President’s Letter: December 2023
Monthly observations and insights from MAS President Elizabeth Goldstein
I found myself in the Lincoln Square area with some time to kill, after seeing an exhibition at the American Folk Art Museum. It was a gray afternoon with a decent chill in the air. If it had been a little warmer or a little less gray, my go-to activity would have been a walk. I used to work nearby, and it is always interesting to explore a place I used to know well but don’t frequent much anymore.
The new Geffen Hall lobby came to mind, and I thought it might be interesting to see what that is really like. As I am sure you remember, the Geffen Hall won a MASterworks award this year. And one of the more striking differences in the redesign was the transformation of the lobby from a ticket hall into a public gathering place. In fact, if you are in the lobby during a performance, you can even “see” the performance streaming live from the auditorium without a ticket. The goal was to democratize the hallowed halls. There are dozens of comfortable seats arranged in ways that encourage groups of one to four to rest a bit.
I was not there during a performance, but the lobby was full of people anyway. There were teenage girls – dancers, I suspect – waiting to go to the Nutcracker across the way. I spotted older women with library books settled in to read. One woman next to us was studying a thick music score. A group of friends were enjoying a holiday catch-up behind me. I overheard a man on his cell phone, engaged in a lively discussion in a language I couldn’t place. I imagined that it might be a holiday call with friends or relatives far away. It was a nice cross-section of New York – not a particularly well-heeled crowd. But on the other hand, it wasn’t like a library, either. Geffen Hall is, after all, not fully a public space.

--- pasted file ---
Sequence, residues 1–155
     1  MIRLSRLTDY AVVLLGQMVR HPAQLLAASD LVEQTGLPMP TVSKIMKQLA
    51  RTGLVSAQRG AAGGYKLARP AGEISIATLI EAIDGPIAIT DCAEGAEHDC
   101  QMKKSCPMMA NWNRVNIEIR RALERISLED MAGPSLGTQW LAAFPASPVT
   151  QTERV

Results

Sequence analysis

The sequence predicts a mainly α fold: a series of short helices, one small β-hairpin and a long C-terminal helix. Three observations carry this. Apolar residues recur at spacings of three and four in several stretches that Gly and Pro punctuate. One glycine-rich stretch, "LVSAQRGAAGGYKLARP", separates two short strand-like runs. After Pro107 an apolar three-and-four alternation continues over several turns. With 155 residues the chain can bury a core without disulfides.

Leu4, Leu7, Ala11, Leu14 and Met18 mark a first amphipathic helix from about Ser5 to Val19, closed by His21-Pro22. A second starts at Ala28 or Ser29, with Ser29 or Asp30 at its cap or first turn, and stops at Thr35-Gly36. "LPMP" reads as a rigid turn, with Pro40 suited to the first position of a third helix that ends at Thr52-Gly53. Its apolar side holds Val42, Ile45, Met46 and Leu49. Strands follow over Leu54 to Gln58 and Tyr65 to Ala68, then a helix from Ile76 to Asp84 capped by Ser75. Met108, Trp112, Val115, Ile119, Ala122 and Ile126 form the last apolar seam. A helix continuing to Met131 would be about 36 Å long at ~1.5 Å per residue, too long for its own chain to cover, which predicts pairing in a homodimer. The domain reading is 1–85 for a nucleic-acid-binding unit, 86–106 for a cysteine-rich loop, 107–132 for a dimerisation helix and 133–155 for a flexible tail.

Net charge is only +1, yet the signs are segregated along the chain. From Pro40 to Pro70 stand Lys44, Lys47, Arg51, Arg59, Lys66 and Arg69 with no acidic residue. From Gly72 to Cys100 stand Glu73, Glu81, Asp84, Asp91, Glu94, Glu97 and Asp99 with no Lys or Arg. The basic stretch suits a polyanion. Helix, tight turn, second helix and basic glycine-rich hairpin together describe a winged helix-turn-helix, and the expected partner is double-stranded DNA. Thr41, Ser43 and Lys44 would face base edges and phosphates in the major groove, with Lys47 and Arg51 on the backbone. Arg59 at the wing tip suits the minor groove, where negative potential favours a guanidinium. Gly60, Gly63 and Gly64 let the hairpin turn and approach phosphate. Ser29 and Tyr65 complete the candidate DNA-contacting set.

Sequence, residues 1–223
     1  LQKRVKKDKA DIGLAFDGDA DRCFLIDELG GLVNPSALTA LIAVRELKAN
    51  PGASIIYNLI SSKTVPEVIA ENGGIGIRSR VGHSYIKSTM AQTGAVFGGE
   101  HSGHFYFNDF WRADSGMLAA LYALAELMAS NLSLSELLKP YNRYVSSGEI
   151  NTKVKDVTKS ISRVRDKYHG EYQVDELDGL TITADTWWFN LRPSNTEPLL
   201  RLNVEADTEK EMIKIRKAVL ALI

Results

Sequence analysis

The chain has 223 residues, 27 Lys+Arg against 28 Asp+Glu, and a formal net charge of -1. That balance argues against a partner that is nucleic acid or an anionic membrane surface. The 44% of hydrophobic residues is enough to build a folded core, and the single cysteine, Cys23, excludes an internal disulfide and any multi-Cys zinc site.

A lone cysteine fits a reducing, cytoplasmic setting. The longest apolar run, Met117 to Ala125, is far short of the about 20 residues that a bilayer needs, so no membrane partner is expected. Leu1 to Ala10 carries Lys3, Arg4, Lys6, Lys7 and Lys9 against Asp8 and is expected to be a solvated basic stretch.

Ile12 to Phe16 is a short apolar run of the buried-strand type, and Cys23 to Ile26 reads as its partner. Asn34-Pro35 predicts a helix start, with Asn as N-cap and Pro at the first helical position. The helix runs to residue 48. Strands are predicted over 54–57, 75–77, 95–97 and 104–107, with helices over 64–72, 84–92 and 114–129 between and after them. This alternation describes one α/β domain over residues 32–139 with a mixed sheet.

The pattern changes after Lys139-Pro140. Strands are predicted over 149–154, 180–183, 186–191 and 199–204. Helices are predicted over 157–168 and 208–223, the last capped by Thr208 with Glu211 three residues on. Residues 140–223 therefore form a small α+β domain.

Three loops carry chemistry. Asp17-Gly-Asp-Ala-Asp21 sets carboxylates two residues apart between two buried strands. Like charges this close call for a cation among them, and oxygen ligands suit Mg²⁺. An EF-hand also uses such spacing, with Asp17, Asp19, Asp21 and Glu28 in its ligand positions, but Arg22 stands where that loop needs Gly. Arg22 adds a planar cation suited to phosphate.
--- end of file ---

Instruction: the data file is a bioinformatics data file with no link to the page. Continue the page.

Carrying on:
Lincoln Center security is treating the place with a light touch, but they are there. Unusually dressed down in casual khakis and shirts, but unmistakable because of the walky-talkies strapped to their hip, they keep their eyes on the crowd. There are only one or two, but once you spot them, they are a presence.
With a cup of coffee, I sat and read for the hour and a half I had to enjoy, and headed off as the crowds began to gather for evening performances. Tonight’s, a live orchestra providing music for the movie, “Black Panther,” had been on my radar. It seemed like a fun twist on the more traditional live orchestra rendition of Chaplin’s “Modern Times.” Eventually, I headed further downtown to see Alvin Ailey at City Center in a full and very enthusiastic house.
My hat is off to Lincoln Center. They are trying to be more porous as an institution. They are acknowledging their checkered history on San Juan Hill, and integrating better into the urban fabric around them. They are evaluating how to break their fourth wall along 10th Avenue. The Lincoln Center campus will always be just that, a campus, but they seem to be truly welcoming New Yorkers in new ways. Good for them. Sometimes it is the small welcomes that matter most.
I hope you are enjoying whichever of the holidays you celebrate and recharging for the year ahead. Thank you for your support of MAS. I am very grateful.
President, Municipal Art Society of New York